Monday, September 1, 2014

Review: The Glory by Mister JMI

The first in a new series, The Glory is a fun, funny and exciting character-driven sci-fi adventure that follows Adam Whitlock, a young, brilliant, fiercely determined boy who gives up everything to join the United States Space Force in hopes of becoming captain of the fabled and prestigious warship, The Glory.

On his rise to the top, Whitlock gains a great friend and ally in Nathaniel Oaks, as well as a bitter rival in Omar Baptist. Despite his extraordinary talent and dedication, Adam Whitlock’s path is riddled with opposition from naysayers and nonbelievers.

Meanwhile, Admiral Douglas C. Calhoun is tasked with quelling the rising tensions between mankind and the Kelzmisians, a group of alien races, as their long-standing Cold War is about to turn hot.

Stargaze. Trail Blaze. THE GLORY.
My Rating
My Review
The Glory is an excellent beginning to a series, and a wonderful work of science fiction. There were a lot of things that I enjoyed about the novel, and had a lot of trouble putting it down. With only a few slow moments, it was an enjoyable ride all the way to the end - which will leave readers eager for the next installment.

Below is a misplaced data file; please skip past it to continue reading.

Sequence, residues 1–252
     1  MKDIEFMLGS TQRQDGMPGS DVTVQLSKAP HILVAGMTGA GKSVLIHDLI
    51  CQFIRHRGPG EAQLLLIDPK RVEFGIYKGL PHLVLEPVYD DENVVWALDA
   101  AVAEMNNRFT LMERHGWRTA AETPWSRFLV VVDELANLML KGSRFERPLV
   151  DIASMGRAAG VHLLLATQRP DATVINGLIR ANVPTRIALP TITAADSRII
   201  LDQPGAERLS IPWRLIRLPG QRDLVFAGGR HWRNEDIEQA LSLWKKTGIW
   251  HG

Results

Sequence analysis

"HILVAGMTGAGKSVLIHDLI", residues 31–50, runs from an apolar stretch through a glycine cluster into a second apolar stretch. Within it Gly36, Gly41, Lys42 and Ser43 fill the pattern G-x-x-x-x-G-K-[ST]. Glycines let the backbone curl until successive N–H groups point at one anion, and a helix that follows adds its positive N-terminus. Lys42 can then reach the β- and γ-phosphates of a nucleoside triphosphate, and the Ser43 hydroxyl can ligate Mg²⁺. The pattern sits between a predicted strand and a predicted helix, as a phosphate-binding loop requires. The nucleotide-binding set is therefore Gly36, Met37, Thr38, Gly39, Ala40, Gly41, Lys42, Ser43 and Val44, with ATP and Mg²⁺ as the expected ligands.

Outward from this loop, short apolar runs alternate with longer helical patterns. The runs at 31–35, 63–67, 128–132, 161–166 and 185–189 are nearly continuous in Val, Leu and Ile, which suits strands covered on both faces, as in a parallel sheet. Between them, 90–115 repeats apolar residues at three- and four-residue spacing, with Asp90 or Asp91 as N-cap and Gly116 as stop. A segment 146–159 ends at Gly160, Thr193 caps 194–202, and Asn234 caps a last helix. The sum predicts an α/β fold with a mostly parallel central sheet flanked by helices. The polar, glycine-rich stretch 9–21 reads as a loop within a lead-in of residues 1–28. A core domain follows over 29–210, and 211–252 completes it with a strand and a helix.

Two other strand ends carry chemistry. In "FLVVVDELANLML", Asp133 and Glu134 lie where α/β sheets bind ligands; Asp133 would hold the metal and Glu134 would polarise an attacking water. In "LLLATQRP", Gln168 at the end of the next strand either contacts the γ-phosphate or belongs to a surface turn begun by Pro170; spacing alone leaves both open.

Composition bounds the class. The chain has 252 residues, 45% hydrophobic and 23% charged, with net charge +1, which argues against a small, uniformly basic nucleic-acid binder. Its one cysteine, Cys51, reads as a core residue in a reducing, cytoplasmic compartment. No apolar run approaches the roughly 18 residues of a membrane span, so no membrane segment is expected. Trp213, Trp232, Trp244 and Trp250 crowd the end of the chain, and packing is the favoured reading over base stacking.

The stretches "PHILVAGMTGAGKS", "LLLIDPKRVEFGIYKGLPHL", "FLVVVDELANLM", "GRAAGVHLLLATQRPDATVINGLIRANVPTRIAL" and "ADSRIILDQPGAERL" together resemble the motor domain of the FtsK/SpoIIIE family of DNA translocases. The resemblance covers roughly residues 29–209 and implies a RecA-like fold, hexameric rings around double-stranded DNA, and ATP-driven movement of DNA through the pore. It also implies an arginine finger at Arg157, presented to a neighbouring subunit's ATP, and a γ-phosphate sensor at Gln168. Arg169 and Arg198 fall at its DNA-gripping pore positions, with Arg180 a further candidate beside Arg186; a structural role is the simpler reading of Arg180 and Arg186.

What I loved the most about The Glory was the characters. It's easy for sci-fi novels to get so lost in the concept that realistic characters can be overlooked. But the characters of The Glory are reason enough to give this novel a chance. The protagonist, Adam Whitlock, stole my heart from the very first time in which he added a name to the rapidly growing list of people he needs to prove wrong (an idea that I may just have to borrow). Despite his talent and drive, Adam's character has a bit of an underdog feel, given everyone who thinks he's crazy. Most of us have dreams that seem just as unlikely, so he's very easy to relate to and impossible not to root for. But, unlike most "underdog" characters, he's got a real firecracker personality. He's hot-headed, passionate, and sure of himself. It's fantastic.